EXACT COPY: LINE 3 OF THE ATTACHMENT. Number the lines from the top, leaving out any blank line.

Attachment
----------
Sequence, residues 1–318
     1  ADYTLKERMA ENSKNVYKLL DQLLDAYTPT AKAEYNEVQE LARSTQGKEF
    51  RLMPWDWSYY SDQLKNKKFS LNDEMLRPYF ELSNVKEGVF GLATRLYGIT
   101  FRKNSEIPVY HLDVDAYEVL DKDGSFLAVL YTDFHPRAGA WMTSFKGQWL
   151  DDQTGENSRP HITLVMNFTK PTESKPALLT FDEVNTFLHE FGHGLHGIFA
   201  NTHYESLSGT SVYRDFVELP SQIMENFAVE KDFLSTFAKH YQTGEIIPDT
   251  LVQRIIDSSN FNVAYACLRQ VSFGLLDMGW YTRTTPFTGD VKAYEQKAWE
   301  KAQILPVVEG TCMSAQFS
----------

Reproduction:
    51  RLMPWDWSYY SDQLKNKKFS LNDEMLRPYF ELSNVKEGVF GLATRLYGIT